From time to time the Indian judiciary has raised questions about the validity of the arbitration clause. Even if an arbitration agreement fulfils all the essential requirements of a valid contract, the way in which parties agree to arbitrate is contentious. While in several countries, the mandate of such agreement to be “in writing” is absent, the Indian act i.e. the Arbitration and Conciliation Act, 1996 mandates it. Therefore if an award is made pursuant to the oral agreement in Sweden, it cannot be enforced in Indian Court, though the foreign award is enforceable and executable (Section 47- 49).

The validity of an arbitration clause in an agreement was discussed in Smt. Manju Gupta & Ors. vs Shri Vilas Gupta & Ors. Any agreement not in writing or any dispute that is beyond the scope of the arbitration agreement between parties to a contract is considered invalid. The existence of the arbitration agreement does not hold credibility unless it is contractually valid.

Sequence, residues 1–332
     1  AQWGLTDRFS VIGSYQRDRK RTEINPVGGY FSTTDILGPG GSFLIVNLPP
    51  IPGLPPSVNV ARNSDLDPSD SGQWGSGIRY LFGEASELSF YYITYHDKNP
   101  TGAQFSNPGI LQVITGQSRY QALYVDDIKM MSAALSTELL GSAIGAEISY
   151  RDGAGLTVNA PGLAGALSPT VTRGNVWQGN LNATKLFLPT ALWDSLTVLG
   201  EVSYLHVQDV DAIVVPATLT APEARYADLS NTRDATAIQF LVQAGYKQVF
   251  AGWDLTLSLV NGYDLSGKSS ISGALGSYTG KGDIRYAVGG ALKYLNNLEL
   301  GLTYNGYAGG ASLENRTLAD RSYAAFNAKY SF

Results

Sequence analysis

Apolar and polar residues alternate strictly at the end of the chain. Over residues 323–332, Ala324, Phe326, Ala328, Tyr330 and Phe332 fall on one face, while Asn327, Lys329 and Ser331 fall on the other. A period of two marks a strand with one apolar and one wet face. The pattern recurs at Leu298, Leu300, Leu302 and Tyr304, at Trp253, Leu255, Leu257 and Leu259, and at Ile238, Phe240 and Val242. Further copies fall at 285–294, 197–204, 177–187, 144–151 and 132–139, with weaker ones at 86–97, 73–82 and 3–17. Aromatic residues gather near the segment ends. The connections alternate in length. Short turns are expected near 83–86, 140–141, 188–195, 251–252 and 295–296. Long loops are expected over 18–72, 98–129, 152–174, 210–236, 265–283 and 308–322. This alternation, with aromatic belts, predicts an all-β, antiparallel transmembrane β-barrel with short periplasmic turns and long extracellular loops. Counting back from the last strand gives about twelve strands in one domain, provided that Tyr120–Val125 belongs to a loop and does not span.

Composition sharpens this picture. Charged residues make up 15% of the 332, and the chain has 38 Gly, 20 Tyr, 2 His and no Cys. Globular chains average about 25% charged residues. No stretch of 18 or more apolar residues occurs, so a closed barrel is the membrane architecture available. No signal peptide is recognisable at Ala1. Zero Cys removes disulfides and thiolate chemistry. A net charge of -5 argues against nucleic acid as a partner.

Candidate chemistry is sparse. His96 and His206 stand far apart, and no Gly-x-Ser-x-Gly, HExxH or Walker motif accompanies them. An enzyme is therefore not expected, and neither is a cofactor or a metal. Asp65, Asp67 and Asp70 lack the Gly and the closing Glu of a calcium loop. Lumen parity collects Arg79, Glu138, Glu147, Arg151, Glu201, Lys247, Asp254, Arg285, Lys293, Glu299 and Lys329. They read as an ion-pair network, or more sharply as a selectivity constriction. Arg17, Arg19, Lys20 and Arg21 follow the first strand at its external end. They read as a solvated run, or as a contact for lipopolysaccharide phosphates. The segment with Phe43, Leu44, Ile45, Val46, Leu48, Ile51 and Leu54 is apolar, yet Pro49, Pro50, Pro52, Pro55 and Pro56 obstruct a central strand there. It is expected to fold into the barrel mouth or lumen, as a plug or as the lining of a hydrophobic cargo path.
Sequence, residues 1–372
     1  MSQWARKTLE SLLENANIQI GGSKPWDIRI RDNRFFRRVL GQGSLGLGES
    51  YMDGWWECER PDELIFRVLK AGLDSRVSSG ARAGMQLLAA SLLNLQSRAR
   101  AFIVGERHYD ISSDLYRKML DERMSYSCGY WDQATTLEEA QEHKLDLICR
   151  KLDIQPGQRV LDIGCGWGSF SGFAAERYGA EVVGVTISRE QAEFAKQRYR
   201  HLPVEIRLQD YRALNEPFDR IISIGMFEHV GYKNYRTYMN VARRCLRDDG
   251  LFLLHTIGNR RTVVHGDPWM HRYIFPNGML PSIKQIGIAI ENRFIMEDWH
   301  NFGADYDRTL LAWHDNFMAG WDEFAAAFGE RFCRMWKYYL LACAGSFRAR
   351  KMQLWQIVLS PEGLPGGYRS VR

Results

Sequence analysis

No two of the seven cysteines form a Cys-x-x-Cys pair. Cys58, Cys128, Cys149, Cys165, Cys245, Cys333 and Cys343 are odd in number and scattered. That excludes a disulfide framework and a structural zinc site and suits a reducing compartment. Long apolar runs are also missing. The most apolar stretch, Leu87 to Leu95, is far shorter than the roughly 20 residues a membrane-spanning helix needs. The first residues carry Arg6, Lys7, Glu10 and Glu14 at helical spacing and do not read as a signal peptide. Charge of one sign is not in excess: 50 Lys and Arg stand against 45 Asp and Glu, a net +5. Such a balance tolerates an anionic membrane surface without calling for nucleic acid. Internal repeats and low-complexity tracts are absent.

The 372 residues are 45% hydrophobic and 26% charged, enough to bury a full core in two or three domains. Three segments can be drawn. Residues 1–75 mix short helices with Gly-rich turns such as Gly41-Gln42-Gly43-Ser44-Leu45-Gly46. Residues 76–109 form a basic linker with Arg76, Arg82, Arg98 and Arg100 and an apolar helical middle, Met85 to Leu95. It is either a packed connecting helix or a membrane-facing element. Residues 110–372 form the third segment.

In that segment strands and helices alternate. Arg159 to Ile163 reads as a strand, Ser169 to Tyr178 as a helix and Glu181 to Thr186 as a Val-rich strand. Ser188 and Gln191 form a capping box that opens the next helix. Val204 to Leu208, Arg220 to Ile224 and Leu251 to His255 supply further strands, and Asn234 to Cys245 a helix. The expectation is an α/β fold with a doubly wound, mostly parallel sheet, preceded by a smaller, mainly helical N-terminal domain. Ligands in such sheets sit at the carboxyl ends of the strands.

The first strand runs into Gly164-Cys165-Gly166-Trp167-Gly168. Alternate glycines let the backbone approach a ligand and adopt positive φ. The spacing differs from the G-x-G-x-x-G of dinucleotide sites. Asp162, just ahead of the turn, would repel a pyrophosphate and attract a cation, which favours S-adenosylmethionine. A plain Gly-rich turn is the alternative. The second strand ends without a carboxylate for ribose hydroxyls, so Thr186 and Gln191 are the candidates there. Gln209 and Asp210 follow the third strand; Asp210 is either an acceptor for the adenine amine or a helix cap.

In the case of Yashvant Chunilal Mody v. Yusuf Karmali Kerwala, the Bombay High Court held in its judgement – an arbitration agreement shall mandatorily be in writing according to Section 7(3)  and the fact that the agreement is in writing shall be proved as per Section 7(4) of the Act.

What is meant by the hybrid clause? 

If any of the essentials of a valid Arbitration clause is missing, the clause is labelled as Pathological–meaning, clause containing apparent defects that are likely to disrupt a smooth arbitration. Such clauses can potentially strife the whole duration of dispute resolution, ranging from jurisdictional scuffles to endangering enforcement of the award. It is likely to lead to prolonged arbitral proceedings, exceeding arbitration cost etc.